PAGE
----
After the Titanic
They said I got away in a boat
And humbled me at the inquiry. I tell you
I sank as far that night as any
Hero. As I sat shivering on the dark water
I turned to ice to hear my costly
Life go thundering down in a pandemonium of
Prams, pianos, sideboards, winches,
Boilers bursting and shredded ragtime. Now I hide
In a lonely house behind the sea
Where the tide leaves broken toys and hatboxes
Silently at my door. The showers of
April, flowers of May mean nothing to me, nor the
Late light of June, when my gardener
Describes to strangers how the old man stays in bed
On seaward mornings after nights of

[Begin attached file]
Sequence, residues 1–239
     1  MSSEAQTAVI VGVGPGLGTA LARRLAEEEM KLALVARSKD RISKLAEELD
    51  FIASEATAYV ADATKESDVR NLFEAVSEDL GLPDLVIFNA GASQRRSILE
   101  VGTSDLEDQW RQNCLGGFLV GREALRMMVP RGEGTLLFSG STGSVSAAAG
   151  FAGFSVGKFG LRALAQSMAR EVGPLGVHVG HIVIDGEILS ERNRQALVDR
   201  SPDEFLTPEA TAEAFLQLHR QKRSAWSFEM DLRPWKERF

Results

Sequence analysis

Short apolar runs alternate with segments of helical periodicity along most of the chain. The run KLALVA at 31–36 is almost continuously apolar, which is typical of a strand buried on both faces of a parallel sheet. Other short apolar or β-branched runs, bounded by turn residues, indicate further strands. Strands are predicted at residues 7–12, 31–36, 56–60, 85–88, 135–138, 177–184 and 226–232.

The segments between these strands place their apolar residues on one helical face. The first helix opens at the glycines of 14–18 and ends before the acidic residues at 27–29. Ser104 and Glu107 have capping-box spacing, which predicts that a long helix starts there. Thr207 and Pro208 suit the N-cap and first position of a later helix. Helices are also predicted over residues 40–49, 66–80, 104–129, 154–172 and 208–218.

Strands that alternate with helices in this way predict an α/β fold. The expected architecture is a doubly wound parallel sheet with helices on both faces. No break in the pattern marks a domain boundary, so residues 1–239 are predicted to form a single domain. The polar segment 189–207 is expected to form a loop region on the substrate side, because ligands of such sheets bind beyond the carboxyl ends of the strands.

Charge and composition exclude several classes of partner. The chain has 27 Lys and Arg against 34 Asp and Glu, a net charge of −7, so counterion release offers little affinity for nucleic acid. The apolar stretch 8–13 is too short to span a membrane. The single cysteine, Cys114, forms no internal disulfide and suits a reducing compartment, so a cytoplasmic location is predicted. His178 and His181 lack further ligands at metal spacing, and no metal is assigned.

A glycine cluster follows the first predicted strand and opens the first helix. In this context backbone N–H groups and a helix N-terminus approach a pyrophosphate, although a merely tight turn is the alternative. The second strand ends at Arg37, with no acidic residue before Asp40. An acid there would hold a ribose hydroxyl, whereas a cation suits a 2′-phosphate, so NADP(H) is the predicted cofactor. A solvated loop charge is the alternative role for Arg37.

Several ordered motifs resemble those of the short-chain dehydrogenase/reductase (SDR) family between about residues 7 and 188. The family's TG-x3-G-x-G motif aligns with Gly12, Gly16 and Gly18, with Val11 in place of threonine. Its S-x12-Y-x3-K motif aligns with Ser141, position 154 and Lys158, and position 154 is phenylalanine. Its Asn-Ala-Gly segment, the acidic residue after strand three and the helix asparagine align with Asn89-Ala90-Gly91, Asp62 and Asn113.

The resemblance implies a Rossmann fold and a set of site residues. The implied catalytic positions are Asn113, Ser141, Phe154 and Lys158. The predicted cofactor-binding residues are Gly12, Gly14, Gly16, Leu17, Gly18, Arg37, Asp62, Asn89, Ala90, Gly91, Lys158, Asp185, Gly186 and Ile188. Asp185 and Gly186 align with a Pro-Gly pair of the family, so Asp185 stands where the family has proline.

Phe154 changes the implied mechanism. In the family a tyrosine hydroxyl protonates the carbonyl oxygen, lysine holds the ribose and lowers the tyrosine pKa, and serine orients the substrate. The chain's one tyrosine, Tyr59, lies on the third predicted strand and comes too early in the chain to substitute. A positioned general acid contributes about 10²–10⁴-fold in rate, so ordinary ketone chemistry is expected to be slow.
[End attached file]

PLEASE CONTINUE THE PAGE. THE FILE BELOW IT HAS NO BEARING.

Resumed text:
Wind, takes his cocaine and will see no one. Then it is
I drown againwith all those dim
Lost faces I never understood, my poor soul
Screams out in the starlight, heart
Breaks loose and rolls down like a stone.
Include me in your lamentations.No reason for this post other than a powerful poem, and one I met over at the Self-Syled Siren's wonderful discursion on the three film versions of the Night The Great Ship Went Down.
The speaker is one Bruce Ismay, manager of the White Star Line in 1912. While over 1500 of about 2200 passengers died, he jumped into a partly filled lifeboat as it was about to be lowered. He was publicly pilloried for breaking the Victorian moral code as "J. Brute Ismay", became a recluse and died a broken man.